UCAS Predicted Grades Policy
When a student applies to University through UCAS, the school is asked to give predicted grades in order that Universities are best able to establish the suitability of the student to their chosen courses.
1. When do students get their predicted grades?
Tutors release predicted grades around mid-September. This ensures that all students, including early-entry applicants (Oxbridge, Medicine, Dentistry and Veterinary) have sufficient time to choose their courses appropriately.
2. How are predicted grades decided?
It is essential that we predict grades that we feel are a true reflection of each student’s ability and potential. We adopt an honest and evidence-based approach to this process, whereby attainment and progress in Year 12 is the main indicator of future performance. The teacher or teachers of each subject decide the predicted grades for their students, as they know their own students best. They may consider some or all of the following factors when making their decision:
Results of Year 12 half-termly assessments or mock exams
- Grades awarded in progress reports
- General attitude to learning and commitment (as evidenced by contributions made in class, meeting deadlines, attendance and punctuality)
- Performance in homework assignments
- GCSE results
- The student’s drive and passion for the subject (as evidenced by wider reading, involvement in extracurricular activities around the subject etc)
- Professional judgement and experience of making UCAS predictions
For example, a student who consistently achieves ‘C’ grades throughout Year 12 in assessments and homework assignments in a particular subject may be awarded a predicted grade of a ‘C’, or indeed a ‘B’ if they have an excellent work ethic and attitude to learning. It is unlikely, however, that such a student would be predicted an ‘A’ grade, as the evidence would not support such a prediction.
Teachers will not base their predictions on a student’s wishes, what the student needs to get into a particular course, or on students’ promises that they will ‘work harder next year’. While this affirmation is certainly admirable, it is the case that Year 13 students work have to harder than they did in Year 12, simply to maintain their grades, due to the increased difficulty of final year content.
3. Over-inflated predictions
It is understandable that students and parents may want teachers to over-predict ALevel grades, in order that the student may access a particular University course. However, we have a professional and moral responsibility to ensure that the student has realistic expectations with regards to their abilities, whilst still remaining motivational and aspirational. The potential consequences of over-predicting A-Level grades can be outlined as follows:
- Students find themselves without a University place when they receive their results, as they achieved what teachers originally predicted, but not the higher grades that were requested. The student must go through the competitive Clearing process, often finally choosing a course that has lower entry requirements than what they actually achieved.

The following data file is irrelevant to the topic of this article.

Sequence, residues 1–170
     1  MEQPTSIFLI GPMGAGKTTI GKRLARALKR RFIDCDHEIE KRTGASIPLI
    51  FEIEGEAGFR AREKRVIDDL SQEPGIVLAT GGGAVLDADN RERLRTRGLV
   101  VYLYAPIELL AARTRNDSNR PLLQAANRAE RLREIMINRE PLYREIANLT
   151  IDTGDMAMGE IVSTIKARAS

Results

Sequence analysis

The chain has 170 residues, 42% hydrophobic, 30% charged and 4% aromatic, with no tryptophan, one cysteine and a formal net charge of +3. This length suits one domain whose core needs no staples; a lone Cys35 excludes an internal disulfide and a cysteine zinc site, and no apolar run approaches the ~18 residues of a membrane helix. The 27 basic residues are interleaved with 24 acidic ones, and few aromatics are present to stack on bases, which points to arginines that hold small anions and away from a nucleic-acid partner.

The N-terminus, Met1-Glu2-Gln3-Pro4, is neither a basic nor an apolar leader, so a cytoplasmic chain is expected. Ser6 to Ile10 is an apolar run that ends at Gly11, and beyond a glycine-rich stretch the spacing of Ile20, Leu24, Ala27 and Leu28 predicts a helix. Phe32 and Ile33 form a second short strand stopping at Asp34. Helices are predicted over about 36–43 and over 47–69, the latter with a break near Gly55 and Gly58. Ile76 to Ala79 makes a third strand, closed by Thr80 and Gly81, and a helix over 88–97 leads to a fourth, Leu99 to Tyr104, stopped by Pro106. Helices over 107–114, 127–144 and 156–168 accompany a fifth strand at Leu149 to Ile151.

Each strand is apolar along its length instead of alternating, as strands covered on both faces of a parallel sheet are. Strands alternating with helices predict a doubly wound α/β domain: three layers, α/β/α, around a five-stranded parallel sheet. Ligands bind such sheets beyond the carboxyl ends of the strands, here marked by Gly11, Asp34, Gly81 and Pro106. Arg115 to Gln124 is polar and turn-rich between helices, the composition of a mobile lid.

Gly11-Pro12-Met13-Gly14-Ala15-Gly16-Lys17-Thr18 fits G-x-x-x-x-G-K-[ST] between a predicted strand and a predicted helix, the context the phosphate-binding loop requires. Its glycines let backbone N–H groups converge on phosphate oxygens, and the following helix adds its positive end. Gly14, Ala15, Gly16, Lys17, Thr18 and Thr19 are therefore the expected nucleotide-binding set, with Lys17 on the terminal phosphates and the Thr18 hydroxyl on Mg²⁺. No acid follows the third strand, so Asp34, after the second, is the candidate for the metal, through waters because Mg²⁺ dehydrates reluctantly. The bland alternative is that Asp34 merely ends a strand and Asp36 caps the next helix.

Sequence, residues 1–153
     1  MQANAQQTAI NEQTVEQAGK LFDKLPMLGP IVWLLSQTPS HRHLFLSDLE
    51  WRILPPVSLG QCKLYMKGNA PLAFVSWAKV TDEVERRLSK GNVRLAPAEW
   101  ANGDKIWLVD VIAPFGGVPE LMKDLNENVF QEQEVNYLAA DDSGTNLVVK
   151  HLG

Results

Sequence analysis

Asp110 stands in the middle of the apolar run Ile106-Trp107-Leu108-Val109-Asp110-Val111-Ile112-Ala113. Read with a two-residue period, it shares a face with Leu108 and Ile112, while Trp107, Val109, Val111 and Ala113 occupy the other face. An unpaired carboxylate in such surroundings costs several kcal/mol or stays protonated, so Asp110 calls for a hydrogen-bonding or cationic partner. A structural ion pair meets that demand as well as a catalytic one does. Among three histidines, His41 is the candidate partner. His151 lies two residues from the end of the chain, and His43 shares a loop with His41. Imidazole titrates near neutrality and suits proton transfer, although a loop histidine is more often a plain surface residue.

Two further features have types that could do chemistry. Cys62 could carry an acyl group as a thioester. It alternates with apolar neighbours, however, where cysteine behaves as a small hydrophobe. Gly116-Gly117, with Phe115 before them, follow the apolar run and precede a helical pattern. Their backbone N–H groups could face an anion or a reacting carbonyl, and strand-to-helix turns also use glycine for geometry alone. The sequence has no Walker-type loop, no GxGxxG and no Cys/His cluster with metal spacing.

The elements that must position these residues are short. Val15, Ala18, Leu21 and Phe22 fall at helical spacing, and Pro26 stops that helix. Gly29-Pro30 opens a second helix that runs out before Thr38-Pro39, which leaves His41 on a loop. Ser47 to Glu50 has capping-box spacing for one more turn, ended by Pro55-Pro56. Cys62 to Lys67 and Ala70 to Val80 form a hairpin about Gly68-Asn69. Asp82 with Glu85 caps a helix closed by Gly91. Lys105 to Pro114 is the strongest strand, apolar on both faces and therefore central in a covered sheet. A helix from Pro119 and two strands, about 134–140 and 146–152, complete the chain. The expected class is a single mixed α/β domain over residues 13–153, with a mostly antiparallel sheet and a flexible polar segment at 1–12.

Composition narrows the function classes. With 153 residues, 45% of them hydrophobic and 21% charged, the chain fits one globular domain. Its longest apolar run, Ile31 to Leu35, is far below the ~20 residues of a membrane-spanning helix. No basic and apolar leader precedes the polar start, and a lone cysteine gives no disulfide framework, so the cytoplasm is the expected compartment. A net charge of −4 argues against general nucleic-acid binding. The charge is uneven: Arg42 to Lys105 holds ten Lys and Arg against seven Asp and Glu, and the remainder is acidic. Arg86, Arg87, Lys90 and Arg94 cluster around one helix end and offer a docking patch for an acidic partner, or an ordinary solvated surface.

- Future Beckfoot students are affected, as the school’s reputation for accurate predictions is diminished. University admission tutors build up a knowledge of the accuracy of a particular school’s predictions. Therefore, if the school becomes known for over-predicting, then future applications are put at a disadvantage, as their predicted grades will be brought into question.
- Teachers are asked to go against their professional judgement and honest opinion, which is not moral, nor is it fair to other students who are given an accurate prediction that may be lower than they would like.
If a student feels that a particular predicted grade is not a true reflection of their ability or what they are likely to achieve at the end of Year 13, then they may ask for the grade to be increased by providing a letter of appeal to the Post-16 Faculty Leader. This should outline the reasons why they think the predicted grade is not a fair assessment of what they may achieve. The Post-16 Faculty Leader will then consult the subject teacher or teachers, following which a final decision will be made as to whether or not the grade should be increased. Please note that the final decision will rest with the Post-16 Faculty Leader.
5. What happens next?
Teachers input their predicted grades along with their comments for the student’s UCAS reference around mid-September. This information is passed along to the student’s tutor, who will then put the grades onto the student’s UCAS application, along with their completed reference. The application is then checked by the Post-16 Faculty Leader and Head of Year, before finally being sent to UCAS.